18 May 2009

winter bicycling escape

“I only went out for a walk and finally concluded to stay out till sundown, for going out, I found was really going in." -John Muir, 1913.

Driving into Arizona is breathtaking in that you feel to be but a tiny spec on a very large desolate land and your views take you far away looking at only cactus and distant mountains.

The large single pillar cactus that often has arms reaching out from it, is the most interesting. I had only seen photos of such cactus before and was puzzled when I started to see them supported as if a newly planted deciduous tree along the highway. Later I learn that this Saguaro has an incredibly shallow root system and are easy to topple over. They only grow once inch per year but like the trees of the great Pacific Northwest, they grow quite old.

I drove my bicycle out to Tucson as it was the warmest place I could think of where I would find empty roads, hot sunny days, and low chance of rain in the middle of winter. I was not disappointed. I watched a few cyclists start the long journey up Mt. Lemmon, however with my Jeep struggling at most turns and signs insisting I have snow chains even though it was sunny and 70 degrees, I kept my cycling on more relatively level ground to the south and west parts of town.

Every day I rode a few times around a small eight mile loop in Saguaro National Park where I would spy many different variety of cactus and 200 year old Saguaro cacti. The loop is one way which makes it a popular place for cyclists and runners alike trying to best their time at each turn. This story could be much more interesting of course if I had experienced the many anticipated flats to my skinny bicycle tires had the rumors of sharp cactus needles on the roads bore any fruit. Of course peddaling by the many wash outs and warning signs of impending doom should it start raining 100 miles away I was surely grateful that the weather was so nice.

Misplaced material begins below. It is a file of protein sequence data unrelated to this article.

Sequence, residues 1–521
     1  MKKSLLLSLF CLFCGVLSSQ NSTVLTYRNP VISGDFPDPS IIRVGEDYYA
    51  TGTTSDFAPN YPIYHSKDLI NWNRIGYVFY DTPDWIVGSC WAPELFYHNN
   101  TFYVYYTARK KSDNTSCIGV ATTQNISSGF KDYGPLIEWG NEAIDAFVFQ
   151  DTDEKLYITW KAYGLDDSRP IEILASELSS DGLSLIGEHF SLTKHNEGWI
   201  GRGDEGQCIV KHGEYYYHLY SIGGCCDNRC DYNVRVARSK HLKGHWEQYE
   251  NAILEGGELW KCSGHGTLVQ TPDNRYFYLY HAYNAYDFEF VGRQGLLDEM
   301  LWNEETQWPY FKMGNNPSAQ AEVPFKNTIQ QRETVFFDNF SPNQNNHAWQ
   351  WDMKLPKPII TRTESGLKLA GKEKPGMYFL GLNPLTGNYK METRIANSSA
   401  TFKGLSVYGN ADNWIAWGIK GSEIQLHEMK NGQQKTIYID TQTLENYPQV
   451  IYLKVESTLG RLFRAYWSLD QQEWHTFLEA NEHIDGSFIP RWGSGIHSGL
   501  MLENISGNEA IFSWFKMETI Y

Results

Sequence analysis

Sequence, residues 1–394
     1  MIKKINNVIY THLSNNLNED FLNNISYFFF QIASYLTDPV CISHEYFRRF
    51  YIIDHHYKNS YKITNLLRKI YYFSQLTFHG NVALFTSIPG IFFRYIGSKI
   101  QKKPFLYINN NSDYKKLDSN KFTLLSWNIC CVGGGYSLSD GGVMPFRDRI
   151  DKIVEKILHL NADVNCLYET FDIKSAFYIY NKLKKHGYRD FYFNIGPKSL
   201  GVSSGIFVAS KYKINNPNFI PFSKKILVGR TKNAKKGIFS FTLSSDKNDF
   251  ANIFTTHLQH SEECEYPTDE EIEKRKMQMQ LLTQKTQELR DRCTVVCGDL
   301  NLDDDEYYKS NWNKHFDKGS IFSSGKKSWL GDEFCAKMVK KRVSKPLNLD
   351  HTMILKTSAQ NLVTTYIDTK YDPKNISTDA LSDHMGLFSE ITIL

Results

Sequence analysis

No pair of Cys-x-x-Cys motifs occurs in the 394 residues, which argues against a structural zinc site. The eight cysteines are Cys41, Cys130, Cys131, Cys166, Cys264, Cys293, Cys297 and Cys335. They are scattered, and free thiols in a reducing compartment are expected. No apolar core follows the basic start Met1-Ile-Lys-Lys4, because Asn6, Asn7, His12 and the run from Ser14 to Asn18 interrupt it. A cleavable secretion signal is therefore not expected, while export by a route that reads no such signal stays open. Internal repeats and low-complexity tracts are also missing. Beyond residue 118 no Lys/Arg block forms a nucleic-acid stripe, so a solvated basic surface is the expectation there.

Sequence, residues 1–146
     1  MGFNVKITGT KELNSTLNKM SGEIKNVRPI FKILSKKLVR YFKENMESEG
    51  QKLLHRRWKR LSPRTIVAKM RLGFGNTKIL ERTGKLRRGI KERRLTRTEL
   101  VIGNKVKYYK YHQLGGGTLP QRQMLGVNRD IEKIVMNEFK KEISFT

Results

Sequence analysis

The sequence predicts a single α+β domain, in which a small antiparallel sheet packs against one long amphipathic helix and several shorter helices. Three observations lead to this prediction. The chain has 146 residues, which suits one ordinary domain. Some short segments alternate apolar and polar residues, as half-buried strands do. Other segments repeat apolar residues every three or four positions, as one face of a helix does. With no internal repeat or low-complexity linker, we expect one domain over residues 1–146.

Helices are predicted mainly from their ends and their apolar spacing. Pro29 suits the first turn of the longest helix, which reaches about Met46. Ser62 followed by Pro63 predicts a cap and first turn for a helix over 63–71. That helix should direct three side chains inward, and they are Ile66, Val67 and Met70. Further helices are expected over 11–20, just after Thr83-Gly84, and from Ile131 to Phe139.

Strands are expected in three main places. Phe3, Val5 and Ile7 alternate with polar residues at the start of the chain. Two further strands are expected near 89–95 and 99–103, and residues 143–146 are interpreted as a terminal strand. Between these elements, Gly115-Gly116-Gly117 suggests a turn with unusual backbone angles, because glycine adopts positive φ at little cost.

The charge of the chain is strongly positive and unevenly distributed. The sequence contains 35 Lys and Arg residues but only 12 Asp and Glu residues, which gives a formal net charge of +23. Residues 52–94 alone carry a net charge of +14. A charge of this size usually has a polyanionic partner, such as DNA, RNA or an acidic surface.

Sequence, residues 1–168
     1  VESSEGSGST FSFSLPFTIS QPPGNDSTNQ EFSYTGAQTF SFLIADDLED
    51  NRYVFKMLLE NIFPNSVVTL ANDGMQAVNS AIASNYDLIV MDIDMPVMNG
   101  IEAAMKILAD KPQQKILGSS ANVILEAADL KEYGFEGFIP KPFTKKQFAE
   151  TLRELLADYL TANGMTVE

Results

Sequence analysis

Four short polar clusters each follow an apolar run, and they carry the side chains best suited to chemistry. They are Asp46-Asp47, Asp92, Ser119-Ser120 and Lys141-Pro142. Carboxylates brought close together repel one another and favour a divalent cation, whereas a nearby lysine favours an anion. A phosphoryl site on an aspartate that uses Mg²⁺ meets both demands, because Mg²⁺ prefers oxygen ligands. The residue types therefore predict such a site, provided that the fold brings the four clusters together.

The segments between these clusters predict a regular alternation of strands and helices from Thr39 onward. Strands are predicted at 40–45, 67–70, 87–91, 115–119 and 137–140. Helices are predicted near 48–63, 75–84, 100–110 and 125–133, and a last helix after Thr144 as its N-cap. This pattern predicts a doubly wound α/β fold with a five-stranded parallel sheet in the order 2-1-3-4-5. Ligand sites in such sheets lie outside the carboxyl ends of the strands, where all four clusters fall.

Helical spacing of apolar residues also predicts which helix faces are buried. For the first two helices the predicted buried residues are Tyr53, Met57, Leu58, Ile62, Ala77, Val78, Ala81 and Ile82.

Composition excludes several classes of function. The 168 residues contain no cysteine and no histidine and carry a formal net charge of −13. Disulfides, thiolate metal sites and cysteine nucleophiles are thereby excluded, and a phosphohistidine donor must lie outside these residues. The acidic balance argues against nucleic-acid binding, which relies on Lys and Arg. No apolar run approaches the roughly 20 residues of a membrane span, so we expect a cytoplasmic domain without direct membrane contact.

04 May 2009

Grand Cayon

Growing up, the Grand Canyon to me was always a place for a family vacation we would take at some later date. As I got older it became more of a joke as well as something I might do later in life with my own little family.

Then there I was driving through Arizona with a plan to ride my bicycle all over Tucson when I saw a sign that read, “Grand Canyon 40 miles”. Within a week I had picked up a friend from the Phoenix airport and we were driving north to the South Rim.

When I saw the canyon for the first time, my breath got caught in my throat. The vast distance of canyon in my view was more than my mind could compute, the colors warm with a hue of green, and an enormity that minimized my life.

John Wesley Powell, the first known explorer of the Colorado River who got through the canyon described succinctly in 1869, that “each canyon is a composite structure, a wall composed of many walls, but never a repetition. Every one of these almost innumerable gorges is a world of beauty in itself.”

Our days started out at 23 degrees with snow and we’d find ourselves basking in sunshine and 70 degrees deep within the canyon at lunch time. It was also a great reminder of choices we make in regard to food and waste. Policy or personal decision, we packed out what we brought in and thus chose to leave the canned salmon for our return snack.

This is certainly a place I yearn to return again and again during the cold months when so few people are there to be in awe of the silence, to be overwhelmed with the beauty, and to have the joy of meeting great people along the trail and having the luxury of companionship for that day. One can't help share this wondrous place, though likely we all keep its secrets hoping that in our next visit, it remains unchanged.

This last photo gives you a glimpse of how hard it is to go back.. up.